The PUC chairman highlighted the almost inherent skepticism that locals sometimes direct toward large outside forces in the islands.
“We are thousands of miles away and, as you’ve probably learned by now, it takes a while for people who come from the outside to be trusted in this small state of ours,” said Iwase. “So the first question I have for you Mr. Gleason is why should I trust you? Why should I trust NextEra?”
Gleason, who has spent much of the last five years in the islands working for NextEra, acknowledged the challenges facing mainland companies.
“People here in Hawaii are used to knowing the people they come into contact with, or they’ve met before or they know someone who knows them,” said Gleason.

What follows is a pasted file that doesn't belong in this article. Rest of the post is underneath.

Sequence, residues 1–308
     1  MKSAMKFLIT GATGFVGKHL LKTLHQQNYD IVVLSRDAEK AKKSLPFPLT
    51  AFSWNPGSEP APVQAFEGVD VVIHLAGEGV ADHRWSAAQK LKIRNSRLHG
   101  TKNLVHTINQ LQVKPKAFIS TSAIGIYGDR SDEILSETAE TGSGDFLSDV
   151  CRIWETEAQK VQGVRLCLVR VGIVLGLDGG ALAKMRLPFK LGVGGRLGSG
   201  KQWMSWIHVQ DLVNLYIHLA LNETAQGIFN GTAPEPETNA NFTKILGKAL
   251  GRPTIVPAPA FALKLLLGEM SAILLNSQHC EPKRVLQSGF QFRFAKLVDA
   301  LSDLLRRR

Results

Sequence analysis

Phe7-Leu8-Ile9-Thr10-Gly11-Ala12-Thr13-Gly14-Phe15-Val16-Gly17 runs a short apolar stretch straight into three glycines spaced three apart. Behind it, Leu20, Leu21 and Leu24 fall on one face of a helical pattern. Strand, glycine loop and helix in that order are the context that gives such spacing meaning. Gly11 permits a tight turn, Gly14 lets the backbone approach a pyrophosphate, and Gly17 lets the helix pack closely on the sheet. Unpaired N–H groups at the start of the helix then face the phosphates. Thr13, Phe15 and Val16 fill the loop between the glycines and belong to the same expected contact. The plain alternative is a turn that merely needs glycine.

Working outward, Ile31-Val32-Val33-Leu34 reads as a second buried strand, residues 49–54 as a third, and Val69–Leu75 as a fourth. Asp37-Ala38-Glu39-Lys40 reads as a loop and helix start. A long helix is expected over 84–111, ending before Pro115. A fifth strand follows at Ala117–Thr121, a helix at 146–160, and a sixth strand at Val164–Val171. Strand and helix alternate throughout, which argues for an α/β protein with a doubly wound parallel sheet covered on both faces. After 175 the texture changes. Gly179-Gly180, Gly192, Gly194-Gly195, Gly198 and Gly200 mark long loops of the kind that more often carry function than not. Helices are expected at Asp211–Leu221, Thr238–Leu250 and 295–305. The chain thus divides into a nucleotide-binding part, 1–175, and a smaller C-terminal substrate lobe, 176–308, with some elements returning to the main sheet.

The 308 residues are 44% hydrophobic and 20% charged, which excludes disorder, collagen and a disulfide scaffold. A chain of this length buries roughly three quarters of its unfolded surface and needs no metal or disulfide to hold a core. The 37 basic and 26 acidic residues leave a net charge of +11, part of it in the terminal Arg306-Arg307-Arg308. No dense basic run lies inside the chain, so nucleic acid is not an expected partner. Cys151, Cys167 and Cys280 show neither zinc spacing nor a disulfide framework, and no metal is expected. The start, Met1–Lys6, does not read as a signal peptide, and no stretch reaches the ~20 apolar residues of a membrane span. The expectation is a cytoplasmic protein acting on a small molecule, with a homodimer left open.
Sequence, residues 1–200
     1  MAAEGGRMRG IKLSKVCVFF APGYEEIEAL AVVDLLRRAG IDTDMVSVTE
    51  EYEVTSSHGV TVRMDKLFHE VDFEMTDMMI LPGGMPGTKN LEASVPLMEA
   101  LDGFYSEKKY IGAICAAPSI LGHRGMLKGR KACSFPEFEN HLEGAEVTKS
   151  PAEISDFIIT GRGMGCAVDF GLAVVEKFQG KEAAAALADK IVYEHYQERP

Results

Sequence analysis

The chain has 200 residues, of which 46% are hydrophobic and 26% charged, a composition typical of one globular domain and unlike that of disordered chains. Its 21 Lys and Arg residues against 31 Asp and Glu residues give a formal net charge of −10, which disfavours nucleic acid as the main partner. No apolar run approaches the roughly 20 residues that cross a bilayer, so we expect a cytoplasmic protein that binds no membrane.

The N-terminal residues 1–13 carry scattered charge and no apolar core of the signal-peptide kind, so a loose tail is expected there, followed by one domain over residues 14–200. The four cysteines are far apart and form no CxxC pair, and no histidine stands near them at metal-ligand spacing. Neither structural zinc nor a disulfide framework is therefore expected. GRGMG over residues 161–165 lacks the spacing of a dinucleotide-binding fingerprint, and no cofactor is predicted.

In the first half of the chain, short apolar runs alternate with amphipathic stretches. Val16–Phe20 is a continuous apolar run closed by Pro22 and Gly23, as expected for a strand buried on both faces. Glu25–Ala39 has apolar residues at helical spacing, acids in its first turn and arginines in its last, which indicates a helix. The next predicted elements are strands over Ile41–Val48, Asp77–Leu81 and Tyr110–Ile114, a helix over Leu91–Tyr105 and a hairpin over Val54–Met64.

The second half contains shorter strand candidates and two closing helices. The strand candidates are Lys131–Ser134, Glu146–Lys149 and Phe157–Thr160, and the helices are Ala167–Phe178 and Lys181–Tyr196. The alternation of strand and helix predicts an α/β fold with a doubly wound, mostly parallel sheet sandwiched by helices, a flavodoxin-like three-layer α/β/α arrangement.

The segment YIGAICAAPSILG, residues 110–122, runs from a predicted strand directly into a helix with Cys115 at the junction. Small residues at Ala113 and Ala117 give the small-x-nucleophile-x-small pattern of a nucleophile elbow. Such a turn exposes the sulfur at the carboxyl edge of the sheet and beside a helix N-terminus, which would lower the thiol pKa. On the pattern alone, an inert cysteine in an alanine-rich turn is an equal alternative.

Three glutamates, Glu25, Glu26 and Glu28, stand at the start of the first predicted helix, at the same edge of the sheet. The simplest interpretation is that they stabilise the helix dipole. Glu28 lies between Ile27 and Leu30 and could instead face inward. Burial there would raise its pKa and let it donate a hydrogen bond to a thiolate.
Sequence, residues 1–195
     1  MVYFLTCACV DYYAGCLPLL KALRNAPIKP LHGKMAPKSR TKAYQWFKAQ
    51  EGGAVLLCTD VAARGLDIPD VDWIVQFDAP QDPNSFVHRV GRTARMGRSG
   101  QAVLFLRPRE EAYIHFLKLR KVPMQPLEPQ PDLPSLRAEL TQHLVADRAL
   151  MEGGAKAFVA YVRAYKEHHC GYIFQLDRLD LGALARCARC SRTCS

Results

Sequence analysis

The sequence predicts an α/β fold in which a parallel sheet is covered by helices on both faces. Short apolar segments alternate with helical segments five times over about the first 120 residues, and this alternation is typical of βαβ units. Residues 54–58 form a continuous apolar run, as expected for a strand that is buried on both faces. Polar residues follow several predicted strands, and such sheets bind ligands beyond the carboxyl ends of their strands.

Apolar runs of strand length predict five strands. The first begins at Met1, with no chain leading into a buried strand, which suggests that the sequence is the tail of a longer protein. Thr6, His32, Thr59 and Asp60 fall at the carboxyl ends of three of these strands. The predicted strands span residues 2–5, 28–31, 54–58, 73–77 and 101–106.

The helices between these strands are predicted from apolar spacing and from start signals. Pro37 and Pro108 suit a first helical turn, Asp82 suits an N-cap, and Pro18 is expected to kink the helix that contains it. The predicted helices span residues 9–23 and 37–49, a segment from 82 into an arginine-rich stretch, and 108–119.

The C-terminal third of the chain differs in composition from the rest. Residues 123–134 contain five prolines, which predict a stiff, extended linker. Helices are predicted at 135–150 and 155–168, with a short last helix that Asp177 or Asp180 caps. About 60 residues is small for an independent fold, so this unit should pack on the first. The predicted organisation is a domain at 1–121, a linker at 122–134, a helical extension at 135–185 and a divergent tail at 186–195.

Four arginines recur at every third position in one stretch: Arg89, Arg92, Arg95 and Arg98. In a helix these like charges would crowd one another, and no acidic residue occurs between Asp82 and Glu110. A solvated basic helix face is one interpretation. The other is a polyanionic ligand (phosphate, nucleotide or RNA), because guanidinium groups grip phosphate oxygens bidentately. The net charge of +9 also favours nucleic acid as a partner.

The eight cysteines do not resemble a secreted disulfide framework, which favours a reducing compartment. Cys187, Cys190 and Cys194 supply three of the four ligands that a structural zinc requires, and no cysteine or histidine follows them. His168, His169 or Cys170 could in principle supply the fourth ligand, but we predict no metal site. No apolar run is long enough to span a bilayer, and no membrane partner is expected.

There are, he suggested, “fewer degrees of separation” between people in the islands than on the mainland.
“We understand that if you come from outside, you have a hurdle to overcome. … We expect that we aren’t going to totally get over that hurdle before this merger closes,” he said, quickly adding, “We hope it does close.”
But, the local head of NextEra Energy added, “We hope we’ll get far enough over the hurdle that you’ll say, ‘We trust these guys.’”
The trust-building process will likely take years, largely because “it is going to take time for us to demonstrate that we will deliver on all the things we say we’ll deliver on,” Gleason said.
“So what we’re saying, Mr. Chairman, is not to totally suspend your disbelief and ‘you can totally trust us like you’ve known us your whole life.’ We know that’s just not realistic.”
But Gleason pointed to the thousands of questions that he and his company have answered — or at least responded to — in court documents, resulting in what NextEra calculates as tens of thousands of pages of filings.